Yes, the Zimmerman Telegram/letter sent before the US was involved in WWI. Stating the Germans would support Mexico in a war against the USA. To "regain" territory lost previously to the Americans. Obviously to keep the US busy and possibly out of WWI in support of the Allies.

And unrestricted U-Boat warfare were 2 of the main reasons for the USA going to war against the Central Powers.

As we see … if things keep going, those former pieces of Mexico which have been part of the USA for many decades now. May once again be "de facto" Mexican/Central & South American territory ! wink Ole' ! evil grin

Personal logo Cacique Caribe Supporting Member of TMP14 Apr 2018 7:47 a.m. PST

Wackmole9

Some people didn't exactly flee Mexico. Some never moved at all, like my wife's family who have been in Texas (in Seguín and other towns) since before the Texas War of Independence.

However, once the border shifted South, some some of those former Mexican subjects made their new allegiance very clear, fighting for Texas' freedom and later fighting for the US in the Mexican American War. Her family has fought for the US in every major war since then.*

Mexico would have had to try an extremely rigorous propaganda campaign to even tempt any of them to reconsider their allegiance. Maybe they would have tried the "la raza" approach, and assumed that people believe and behave the same way simply based on their race or ethnicity.

Dan
* Mexican nationals probably called them traitors back then, the same way they try to shame them into siding with Mexico's issues today.

Legion 414 Apr 2018 7:51 a.m. PST

On the other hand with all the Italian pizzerias, restaurants, eateries, etc. in and around my home town. It may well be a de facto piece of Italy ! pizza

Personal logo Cacique Caribe Supporting Member of TMP14 Apr 2018 7:54 a.m. PST

Legion 4

It's all about their allegiance, not their provenance. :)

Dan

Legion 414 Apr 2018 7:57 a.m. PST

Very much so … as in the US ARMY … we were all OD Green and US Soldiers. Regardless of where you or your ancestors came from.

And as you posted, I think some forget, many ethnic Mexicans fought along Sam Houston's forces, etc., against Santa Anna, etc. People wanting freedom in many cases exceeds all else.

Personal logo Cacique Caribe Supporting Member of TMP14 Apr 2018 8:03 a.m. PST

Yes. Many.

Dan

Frederick Supporting Member of TMP14 Apr 2018 10:52 a.m. PST

Even with the relatively small US military just pre-WWI (in 1916 the US Army was 108,000 strong, the US Navy 60,000 and the USMC 10,000) the Mexican government – which was in the middle of a civil war that lasted from 1910 to 1920 – would be interested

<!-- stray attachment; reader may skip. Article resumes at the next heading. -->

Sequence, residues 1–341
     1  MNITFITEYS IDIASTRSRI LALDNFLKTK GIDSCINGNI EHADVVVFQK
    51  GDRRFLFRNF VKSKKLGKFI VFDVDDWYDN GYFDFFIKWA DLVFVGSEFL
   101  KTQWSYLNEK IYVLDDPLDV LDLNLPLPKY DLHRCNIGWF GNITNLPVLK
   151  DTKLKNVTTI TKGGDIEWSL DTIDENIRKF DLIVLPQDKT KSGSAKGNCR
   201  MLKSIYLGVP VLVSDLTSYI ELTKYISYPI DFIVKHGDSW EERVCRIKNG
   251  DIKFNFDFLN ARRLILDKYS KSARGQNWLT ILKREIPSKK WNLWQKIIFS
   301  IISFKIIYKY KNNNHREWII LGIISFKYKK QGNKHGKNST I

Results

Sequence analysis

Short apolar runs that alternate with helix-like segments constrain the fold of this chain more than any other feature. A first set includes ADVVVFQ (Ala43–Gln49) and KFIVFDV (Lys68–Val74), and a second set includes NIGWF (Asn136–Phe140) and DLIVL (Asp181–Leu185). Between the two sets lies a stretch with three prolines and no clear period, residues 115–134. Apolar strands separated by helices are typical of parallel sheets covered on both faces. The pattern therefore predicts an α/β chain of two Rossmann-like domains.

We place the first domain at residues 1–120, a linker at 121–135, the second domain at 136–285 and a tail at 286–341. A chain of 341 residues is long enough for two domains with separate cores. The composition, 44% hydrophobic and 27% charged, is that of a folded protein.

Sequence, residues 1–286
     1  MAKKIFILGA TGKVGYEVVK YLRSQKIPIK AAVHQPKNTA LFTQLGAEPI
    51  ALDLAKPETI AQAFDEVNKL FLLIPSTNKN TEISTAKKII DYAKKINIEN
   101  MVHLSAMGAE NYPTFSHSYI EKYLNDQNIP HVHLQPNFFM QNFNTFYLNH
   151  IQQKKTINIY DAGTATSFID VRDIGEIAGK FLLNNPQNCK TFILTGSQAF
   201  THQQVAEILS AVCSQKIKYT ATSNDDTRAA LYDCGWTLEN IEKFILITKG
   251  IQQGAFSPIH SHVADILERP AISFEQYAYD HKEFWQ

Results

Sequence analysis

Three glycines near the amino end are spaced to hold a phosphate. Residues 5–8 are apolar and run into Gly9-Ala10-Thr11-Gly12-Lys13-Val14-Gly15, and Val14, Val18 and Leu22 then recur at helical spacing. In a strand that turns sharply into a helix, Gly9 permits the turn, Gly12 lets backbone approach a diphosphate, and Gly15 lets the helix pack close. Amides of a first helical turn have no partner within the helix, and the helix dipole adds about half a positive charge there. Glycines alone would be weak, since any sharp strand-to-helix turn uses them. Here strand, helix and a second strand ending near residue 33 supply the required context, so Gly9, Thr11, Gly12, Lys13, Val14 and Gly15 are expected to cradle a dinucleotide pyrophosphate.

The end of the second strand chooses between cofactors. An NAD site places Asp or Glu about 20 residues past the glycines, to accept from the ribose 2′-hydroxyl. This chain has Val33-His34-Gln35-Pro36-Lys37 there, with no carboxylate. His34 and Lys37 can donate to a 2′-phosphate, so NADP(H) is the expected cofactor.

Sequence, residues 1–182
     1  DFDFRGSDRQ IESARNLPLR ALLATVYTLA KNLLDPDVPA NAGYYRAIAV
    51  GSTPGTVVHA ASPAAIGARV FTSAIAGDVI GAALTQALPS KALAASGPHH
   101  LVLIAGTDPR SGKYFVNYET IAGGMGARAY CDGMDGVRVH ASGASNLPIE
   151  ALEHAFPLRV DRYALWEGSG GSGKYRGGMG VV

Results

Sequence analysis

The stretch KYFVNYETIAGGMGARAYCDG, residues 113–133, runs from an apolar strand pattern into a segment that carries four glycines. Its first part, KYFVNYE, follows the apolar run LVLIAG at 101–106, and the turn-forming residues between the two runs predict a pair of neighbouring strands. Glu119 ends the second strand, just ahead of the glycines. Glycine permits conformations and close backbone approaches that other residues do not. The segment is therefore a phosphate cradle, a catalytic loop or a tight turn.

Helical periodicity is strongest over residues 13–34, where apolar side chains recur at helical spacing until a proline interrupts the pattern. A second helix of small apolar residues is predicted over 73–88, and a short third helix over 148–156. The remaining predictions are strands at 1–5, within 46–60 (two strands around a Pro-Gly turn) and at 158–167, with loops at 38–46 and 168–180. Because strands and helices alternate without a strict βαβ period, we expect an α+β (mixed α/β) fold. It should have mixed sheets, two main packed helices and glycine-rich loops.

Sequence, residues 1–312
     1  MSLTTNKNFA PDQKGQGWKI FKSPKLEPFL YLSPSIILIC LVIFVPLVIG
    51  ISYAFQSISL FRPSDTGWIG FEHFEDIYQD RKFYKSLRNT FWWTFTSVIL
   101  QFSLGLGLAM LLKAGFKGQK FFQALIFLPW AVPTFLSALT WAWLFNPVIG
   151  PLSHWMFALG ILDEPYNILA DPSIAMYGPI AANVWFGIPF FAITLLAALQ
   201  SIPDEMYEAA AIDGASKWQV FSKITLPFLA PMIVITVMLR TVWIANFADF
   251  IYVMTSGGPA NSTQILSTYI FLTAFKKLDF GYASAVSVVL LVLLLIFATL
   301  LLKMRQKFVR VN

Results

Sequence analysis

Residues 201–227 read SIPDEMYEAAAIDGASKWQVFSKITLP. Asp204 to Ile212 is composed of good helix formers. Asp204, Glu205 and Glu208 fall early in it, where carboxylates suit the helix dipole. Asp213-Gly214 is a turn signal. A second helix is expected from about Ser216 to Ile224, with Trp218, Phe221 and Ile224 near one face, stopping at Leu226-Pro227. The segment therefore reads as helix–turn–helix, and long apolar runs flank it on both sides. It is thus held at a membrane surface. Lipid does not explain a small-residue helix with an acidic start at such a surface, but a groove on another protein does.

The Mexican Navy was tiny and the Mexican Federal Army had been disbanded in 1914 and was replaced by the Constitutional Army, which was about three corps strong – I believe it was about 60,000 strong; even counting in the 70,000 or so other armed fractions, no way Mexico was going to voluntarily go to war with the US

Major Mike14 Apr 2018 11:46 a.m. PST

Villa had been the darling of the Washington inner circle until a deal was struck with Carranza that left Villa on the outside. With his Division del Norte defeated twice by Carranza's troops. Carranza was more than happy to let his northern neighbors come into Mexico to run down the burr under his behind that Villa had become.

Lion in the Stars14 Apr 2018 3:56 p.m. PST

I can't for the life of me understand why we didn't do more as a contingency plan regarding military build up.

The rural US was strongly isolationist. Still is, really. Sure, if you attack the US you will get a very quick turn-around, but there's a strong streak of "you're not bothering me, so I'm not going to bother you."

Supplying Germany's enemies in both World Wars probably wasn't us being exactly neutral either.

Ironically, I read this in a fictional story about a guy who got sent to a parallel world, but if you supply the weaker side against the stronger, you get both of them to burn out. So you can take over the position as 'strongest'.

AussieAndy Supporting Member of TMP16 Apr 2018 4:25 a.m. PST

Maybe the Mexicans would have built a wall and made the US pay for it.

Legion 418 Apr 2018 3:55 p.m. PST

Only if it was sci-fi Andy … evil grin

Personal logo Cacique Caribe Supporting Member of TMP19 Apr 2018 6:13 p.m. PST

LOL. Seriously? With their ridiculous public works "system"?

The money would have gotten "diverted" and funneled right into their own pockets, and the thing would have never gotten built. Or … it would have taken ten times as long to build, with a thousand stoppages because the workers are getting paid late*, and the whole thing would have ended up being just two feet high. And they would have still found a way to blame the US for their fiasco. :)

Dan
* I know personally about those government stoppages and unpaid labor, even when the US payer has paid in full.